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return true if a integer is power of 2  RSS feed

 
hhd chen
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Given an integer, write a method to retrun ture if integer is power of 2, for example, 2,4,8,16,32.
Please use while loop.
Actually ,it is interview question I have been ever asked.
appreciate your help.
 
marc weber
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Any ideas?
 
Vikas Kapoor
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This may help you.The input value 1(number = 1) can be handled as a special case.

 
Campbell Ritchie
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Please don't simply give answers like that. The idea is for people to learn, and giving an answer doesn't teach anyboyd anything.
 
Gavin Tranter
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Wow, long answer vishal.

Seems a long way to get the power of 2.
I just did a quick serach and there is a much much faster way.

Gavin
 
Jim Yingst
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Hm, it might be helpful to consider the full range of numbers that could be passed into that method. Does it give correct results for all possible int values?

For added fun, what's the fastest implementation you can come up with? For this question, you may ignore the requirement about using a while loop. Use any code that gives a correct answer.
 
Vikas Kapoor
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Originally posted by Campbell Ritchie:
Please don't simply give answers like that. The idea is for people to learn, and giving an answer doesn't teach anyboyd anything.


I don't feel so. S/He can analyse at her/his end.
 
Campbell Ritchie
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Originally posted by Jim Yingst:
Hm, it might be helpful to consider the full range of numbers that could be passed into that method. Does it give correct results for all possible int values?
No, it doesn't.
 
Vikas Kapoor
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Hello Jim,

Where does it fail?
 
Campbell Ritchie
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Originally posted by Gavin Tranter:
I just did a quick serach and there is a much much faster way.
Yes, it is much better.

And Vishal, the idea of the Ranch is for people to work out their solutions with our help. There are cases where the poster reuires a straight answer, but this is probably not (yet) one of them.
 
Campbell Ritchie
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Originally posted by Vishal Pandya:
Hello Jim,

Where does it fail?
If (n <= 0)
 
Vikas Kapoor
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Originally posted by Campbell Ritchie:
Yes, it is much better.

And Vishal, the idea of the Ranch is for people to work out their solutions with our help. There are cases where the poster reuires a straight answer, but this is probably not (yet) one of them.


Hey comeon i tried my best. That's it. There could be many.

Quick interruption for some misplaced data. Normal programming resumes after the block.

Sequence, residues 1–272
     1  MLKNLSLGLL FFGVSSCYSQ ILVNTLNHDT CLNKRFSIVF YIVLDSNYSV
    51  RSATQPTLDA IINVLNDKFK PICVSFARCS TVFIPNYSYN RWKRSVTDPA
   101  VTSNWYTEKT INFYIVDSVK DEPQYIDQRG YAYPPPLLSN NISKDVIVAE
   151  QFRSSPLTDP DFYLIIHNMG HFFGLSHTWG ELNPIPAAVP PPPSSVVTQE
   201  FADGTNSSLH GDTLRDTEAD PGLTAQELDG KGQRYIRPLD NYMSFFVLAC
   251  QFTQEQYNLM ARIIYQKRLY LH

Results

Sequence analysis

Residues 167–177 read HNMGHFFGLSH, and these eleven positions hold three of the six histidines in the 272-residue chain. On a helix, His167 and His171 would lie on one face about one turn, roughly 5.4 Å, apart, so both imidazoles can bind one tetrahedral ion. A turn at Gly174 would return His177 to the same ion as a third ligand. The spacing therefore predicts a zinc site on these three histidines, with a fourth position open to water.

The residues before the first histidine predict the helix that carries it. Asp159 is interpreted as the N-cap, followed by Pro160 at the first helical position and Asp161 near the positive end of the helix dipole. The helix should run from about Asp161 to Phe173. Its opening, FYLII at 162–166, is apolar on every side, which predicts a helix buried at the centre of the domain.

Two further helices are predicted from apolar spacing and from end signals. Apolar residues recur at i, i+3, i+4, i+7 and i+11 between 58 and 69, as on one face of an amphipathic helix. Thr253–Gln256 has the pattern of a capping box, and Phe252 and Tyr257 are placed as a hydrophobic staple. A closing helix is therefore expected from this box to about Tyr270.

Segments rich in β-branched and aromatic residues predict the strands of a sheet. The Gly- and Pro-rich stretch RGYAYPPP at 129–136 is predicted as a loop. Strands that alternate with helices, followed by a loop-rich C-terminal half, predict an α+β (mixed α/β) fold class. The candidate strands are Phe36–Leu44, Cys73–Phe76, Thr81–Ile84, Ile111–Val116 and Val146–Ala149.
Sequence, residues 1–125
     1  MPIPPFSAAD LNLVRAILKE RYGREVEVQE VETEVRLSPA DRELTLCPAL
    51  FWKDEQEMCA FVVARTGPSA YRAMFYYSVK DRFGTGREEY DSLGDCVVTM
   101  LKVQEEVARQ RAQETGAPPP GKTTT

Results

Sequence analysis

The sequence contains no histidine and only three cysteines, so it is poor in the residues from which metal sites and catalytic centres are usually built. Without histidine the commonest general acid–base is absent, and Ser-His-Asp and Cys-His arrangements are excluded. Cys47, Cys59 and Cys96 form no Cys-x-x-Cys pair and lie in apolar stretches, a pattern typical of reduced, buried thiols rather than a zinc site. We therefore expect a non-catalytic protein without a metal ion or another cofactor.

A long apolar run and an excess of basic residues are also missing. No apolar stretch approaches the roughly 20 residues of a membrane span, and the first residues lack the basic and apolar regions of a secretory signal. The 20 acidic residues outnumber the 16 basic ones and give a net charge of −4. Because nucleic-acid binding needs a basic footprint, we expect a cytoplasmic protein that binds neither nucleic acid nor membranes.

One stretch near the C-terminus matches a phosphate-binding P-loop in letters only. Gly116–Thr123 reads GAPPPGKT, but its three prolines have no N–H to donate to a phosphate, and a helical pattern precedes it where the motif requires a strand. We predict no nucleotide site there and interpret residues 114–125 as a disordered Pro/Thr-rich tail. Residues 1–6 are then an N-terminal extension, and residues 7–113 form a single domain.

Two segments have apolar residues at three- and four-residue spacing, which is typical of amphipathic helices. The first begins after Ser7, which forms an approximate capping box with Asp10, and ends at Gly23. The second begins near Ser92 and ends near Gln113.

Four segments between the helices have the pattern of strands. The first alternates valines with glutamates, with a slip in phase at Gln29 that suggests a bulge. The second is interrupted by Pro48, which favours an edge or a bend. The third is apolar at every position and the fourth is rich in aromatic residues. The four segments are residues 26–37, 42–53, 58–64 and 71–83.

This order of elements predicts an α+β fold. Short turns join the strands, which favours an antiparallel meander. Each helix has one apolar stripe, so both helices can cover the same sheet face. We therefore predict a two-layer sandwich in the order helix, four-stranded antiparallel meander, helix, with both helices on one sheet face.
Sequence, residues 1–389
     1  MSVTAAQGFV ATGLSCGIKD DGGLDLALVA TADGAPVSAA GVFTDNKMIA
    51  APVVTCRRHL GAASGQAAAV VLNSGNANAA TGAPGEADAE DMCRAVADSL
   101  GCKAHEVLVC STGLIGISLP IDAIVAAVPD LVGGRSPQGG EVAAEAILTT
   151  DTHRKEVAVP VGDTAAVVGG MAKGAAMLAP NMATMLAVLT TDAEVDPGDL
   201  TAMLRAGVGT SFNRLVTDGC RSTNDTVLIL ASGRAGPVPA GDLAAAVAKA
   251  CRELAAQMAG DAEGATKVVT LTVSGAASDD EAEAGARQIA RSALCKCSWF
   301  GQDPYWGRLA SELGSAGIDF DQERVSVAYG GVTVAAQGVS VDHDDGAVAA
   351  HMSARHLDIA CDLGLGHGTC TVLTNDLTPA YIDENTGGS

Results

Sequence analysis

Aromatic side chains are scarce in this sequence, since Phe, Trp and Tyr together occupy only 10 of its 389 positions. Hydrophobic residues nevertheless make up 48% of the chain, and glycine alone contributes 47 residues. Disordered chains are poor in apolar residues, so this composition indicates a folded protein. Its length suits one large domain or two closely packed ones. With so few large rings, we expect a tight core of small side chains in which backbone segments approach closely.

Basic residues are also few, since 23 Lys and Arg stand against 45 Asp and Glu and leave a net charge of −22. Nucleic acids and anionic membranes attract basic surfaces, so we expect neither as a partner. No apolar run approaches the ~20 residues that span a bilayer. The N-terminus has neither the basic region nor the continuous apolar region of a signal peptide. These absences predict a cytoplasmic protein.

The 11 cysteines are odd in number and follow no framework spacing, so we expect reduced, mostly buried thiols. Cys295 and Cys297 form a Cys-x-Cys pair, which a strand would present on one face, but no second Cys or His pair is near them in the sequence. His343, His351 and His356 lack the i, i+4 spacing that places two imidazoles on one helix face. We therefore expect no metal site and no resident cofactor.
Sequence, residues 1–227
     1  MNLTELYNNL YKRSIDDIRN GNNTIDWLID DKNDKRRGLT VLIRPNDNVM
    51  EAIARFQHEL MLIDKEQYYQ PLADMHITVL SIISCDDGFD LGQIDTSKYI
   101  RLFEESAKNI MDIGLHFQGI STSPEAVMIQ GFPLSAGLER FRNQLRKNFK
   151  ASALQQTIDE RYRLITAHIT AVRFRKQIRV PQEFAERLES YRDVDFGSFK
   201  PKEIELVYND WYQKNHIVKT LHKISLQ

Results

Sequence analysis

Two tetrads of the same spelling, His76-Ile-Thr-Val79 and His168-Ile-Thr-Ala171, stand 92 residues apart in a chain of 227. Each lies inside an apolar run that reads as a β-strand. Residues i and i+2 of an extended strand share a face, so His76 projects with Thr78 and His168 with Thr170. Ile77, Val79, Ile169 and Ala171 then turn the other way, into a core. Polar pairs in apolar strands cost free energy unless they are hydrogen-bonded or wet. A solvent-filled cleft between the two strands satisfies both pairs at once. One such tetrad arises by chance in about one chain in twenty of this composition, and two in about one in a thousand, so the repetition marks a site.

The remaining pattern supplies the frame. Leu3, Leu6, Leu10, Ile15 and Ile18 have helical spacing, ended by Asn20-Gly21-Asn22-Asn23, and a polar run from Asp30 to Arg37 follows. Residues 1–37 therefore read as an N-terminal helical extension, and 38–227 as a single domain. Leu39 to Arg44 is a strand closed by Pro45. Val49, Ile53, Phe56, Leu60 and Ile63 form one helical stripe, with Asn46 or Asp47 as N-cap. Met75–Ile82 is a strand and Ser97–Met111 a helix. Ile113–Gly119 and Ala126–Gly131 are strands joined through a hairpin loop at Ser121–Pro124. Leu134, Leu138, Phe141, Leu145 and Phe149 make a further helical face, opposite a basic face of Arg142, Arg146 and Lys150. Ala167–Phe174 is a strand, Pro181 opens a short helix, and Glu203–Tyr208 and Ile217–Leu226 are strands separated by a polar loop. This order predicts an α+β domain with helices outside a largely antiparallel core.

Jim Yingst
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Why search, Gavin? If you couldn't find a better answer on your own, you're not really in a position to criticize, are you?

There's a shorter way, and there's a faster way. They aren't necessarily the same. Well, there's a way that is both slightly shorter and slightly faster than Vishal's code, but there is another way that's even shorter, and another that is even faster.
 
Campbell Ritchie
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I think we are going to have to agree to differ, Vishal.

There is a nice way to do it with a recursive algorithm, but when I followed Gavin's example with Google there was a single line solution.
 
Gavin Tranter
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Perhaps not
But in this case I feel I can.
Cos I knew there was a better answer, no I didnt know what that was, but just my "gut" reaction, that and the fact that 2 was setting off alarm bells, made me go search.
Also I had to read the code a few times to figure out its intent. (Probably more to do with my relative dumb-ness, I wont be winning any programming challenges anytime soon )

Plus i was about to answer a different question, I mixed up the "power of" question with the "factor of" question, yet again proving I should read "exam questions" more carefully.

 
hhd chen
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Campbell,

I am weak in coding. so I need sample code to educate myself.
Can you give me one of your solution?
Thanks!

Henry
 
Jim Yingst
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HHD, the best way to become a better programmer is to learn by writing programs yourself, not just studying what others write. So I'm not going to give you answers. Vishal already gave you one anyway. Instead I'll give some ideas. Try working on any of these ideas, and show us what you're trying. We're happy to help, but you will learn much more if you do more of the work yourself.

For one (very short, kind of slow) solution: think about what number like 1, 2, 4, 8, 16 etc look like in binary. What do they have in common? Now look at the Integer class. Do you see any method that could help you test this?